This blog post is a little bit different to our usual. One of our members has recently travelled to Poland and visited Auschwitz Birkenau (the former Nazi Concentration camp) and has very kindly agreed to share their experience with us on the blog.
I recently had the opportunity to visit Auschwitz.
The first thing you are greeted with is the infamous “Arbeit Macht Frei” sign, being translated “Your labours will set you free.” This is a play on a verse in John 8v32 “Then you will know, the truth will set you free” where Jesus is explaining to the Jews that he will return to this earth one day to set them free from sin and death. The use of the verse for the sign was just one of the many mind games the Nazis played with the prisoners during this ordeal. As we know there was no freedom from this camp. The people being transported to Auschwitz had no idea where they were being taken or what horrors awaited them when they got there. (I will say ‘people’ throughout rather than specifically ‘the Jews’, because while the Jews were predominantly the targets of the Nazis, many others were taken to Auschwitz for “ethnic cleansing”, including homosexuals, Jehovah’s Witnesses, individuals with learning difficulties or physical deformities and so on.)
The sign is above the entrance to a compound, where the able men and women were made to work. Many didn’t survive the dreadful living conditions they were subjected to through starvation, sickness and exhaustion.
It is very hard to explain the emotions you feel as you walk around Auschwitz. There is a solemn silence, as everyone visiting is very respectful. There is a great deal of reflection about those who lost their lives there and you are surrounded by an overwhelming awareness of the abhorrent deeds carried out in this place.
After going around the Auschwitz camp we were then taken to Birkenau, a site separate from Auschwitz but part of the same camp.
As we walked down the tracks, we walked along what is described as the “Death Ramp”. Men, women and children lined up as they came out of the train carriages (the prisoners were taken to Auschwitz in over-crowded cattle trucks, not trains as we often think. From there, they were separated into two groups:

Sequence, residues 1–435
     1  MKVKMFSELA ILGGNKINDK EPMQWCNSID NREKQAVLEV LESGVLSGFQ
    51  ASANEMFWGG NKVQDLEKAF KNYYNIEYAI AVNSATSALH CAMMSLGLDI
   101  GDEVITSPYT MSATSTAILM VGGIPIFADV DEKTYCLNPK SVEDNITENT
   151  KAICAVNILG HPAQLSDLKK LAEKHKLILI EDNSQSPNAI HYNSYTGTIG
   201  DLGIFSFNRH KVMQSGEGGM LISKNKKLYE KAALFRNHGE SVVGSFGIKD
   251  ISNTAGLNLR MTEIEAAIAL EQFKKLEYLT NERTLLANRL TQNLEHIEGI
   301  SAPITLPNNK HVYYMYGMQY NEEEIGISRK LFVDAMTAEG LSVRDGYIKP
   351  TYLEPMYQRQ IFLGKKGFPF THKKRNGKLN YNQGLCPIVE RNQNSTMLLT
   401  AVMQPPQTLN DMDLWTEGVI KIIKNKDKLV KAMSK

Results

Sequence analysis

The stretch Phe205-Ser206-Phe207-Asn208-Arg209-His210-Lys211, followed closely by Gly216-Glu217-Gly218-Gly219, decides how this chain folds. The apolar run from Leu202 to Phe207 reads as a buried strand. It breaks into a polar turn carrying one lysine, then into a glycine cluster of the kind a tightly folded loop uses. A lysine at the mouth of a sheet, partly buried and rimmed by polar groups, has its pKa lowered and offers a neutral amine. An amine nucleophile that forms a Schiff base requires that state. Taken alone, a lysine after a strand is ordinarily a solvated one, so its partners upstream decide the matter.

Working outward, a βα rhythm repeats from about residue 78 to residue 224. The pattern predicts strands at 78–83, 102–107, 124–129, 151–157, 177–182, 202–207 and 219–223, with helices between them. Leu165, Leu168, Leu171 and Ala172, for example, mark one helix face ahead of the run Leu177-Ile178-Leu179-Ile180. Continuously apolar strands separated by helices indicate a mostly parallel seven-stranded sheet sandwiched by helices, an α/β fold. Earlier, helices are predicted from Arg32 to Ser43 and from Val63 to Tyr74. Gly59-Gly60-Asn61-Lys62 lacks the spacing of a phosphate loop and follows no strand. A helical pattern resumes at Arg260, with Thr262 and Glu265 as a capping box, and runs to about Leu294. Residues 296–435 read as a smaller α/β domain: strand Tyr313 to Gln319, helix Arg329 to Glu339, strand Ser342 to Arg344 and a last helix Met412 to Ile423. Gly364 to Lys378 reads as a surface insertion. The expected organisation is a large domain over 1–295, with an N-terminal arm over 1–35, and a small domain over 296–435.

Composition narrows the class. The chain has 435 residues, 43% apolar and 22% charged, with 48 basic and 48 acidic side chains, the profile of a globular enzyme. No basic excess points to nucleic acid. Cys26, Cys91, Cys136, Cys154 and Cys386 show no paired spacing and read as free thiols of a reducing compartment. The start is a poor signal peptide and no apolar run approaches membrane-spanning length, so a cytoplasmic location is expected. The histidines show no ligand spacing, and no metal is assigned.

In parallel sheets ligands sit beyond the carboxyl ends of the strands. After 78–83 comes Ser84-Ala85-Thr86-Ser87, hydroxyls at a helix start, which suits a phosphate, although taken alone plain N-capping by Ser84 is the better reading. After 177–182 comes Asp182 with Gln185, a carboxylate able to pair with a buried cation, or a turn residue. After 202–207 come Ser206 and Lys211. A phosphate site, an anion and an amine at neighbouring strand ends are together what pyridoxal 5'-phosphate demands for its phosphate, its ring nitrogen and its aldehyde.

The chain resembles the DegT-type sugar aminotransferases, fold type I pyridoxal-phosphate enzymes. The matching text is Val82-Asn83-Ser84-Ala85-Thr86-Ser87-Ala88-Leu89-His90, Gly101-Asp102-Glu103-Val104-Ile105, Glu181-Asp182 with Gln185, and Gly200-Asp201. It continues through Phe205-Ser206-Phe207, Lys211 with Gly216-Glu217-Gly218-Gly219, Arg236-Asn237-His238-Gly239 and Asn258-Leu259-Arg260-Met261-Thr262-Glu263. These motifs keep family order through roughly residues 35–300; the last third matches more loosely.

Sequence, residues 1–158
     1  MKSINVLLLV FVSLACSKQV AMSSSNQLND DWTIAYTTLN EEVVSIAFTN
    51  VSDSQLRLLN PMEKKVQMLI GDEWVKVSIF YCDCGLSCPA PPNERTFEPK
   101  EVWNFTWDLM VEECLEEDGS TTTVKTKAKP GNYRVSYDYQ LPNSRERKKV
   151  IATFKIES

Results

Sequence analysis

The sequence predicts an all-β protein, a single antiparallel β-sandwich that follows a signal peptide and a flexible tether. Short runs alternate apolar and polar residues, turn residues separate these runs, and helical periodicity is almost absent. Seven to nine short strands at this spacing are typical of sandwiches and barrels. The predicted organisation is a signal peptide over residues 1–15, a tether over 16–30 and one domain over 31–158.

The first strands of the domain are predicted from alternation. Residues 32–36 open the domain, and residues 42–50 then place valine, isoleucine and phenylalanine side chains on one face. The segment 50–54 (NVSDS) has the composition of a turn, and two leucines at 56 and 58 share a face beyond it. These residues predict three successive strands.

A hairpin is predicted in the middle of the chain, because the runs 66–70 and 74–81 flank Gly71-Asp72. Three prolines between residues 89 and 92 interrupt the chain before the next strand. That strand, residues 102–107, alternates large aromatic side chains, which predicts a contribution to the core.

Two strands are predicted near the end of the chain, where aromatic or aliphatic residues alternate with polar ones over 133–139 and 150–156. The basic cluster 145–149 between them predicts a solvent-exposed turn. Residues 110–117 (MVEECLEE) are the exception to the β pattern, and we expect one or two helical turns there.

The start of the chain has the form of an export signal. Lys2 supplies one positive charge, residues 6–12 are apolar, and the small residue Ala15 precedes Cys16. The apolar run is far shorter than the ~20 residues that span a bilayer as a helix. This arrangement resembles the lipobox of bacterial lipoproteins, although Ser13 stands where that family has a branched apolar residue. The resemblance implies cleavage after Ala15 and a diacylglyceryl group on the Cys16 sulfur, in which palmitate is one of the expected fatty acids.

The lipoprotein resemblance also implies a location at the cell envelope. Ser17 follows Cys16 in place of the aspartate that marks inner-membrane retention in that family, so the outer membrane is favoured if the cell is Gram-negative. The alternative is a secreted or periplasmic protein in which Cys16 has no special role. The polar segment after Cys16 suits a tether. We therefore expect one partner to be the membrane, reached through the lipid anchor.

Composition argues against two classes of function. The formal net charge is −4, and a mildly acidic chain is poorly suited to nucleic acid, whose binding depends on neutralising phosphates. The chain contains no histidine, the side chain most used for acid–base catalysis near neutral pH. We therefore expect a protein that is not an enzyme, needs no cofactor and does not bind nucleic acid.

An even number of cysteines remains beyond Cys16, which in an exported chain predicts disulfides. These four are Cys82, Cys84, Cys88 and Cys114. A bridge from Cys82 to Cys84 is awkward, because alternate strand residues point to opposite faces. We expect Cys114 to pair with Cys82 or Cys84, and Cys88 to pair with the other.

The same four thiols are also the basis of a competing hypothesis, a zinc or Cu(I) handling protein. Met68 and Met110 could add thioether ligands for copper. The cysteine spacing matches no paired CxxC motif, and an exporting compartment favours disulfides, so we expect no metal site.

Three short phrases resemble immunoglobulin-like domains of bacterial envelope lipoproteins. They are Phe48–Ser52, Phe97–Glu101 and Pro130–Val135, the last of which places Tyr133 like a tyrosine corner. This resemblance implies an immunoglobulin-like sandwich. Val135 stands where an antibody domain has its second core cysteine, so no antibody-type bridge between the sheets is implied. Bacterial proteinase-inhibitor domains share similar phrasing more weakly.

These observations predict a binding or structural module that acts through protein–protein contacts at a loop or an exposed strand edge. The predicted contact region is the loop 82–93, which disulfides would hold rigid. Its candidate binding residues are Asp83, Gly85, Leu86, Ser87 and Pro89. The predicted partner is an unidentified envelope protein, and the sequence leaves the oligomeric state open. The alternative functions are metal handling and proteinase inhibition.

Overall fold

1. those who were able to work
2. and those who served no purpose.
(A picture of one of the cattle trucks that were used for transportation. There would have been up to 200 people in that one carriage.)
Those who weren’t deemed suitable for work were taken straight to the gas chambers. At no point did they realise what was happening. They were simply told they needed de-lousing after their journey and had to take a shower to be decontaminated. This was another mind game, used by the Nazi guards to avoid hysterics or panic within the camp. We all know how this ended.
It is important to remember the monstrosities that took place here, to make sure that this never happens, to anyone, ever again.
Yet in spite of the majority of the people’s apathy at that awful time let us hold on to the hope which we have in the Lord God.
The fact that the Jews went through such persecution and still survived is an amazing sign of how there is truly a God and he is at work in our lives even now. For we are told in Exodus 6v7 “I will take you as my own people and I will be your God. Then you will know that I am the Lord your God.”
What other nation on earth has survived like the Jews?
For we know that God has said: “As surely as I live, all the earth shall be filled with the Glory of the Lord.”
We hope and pray that day may come quickly.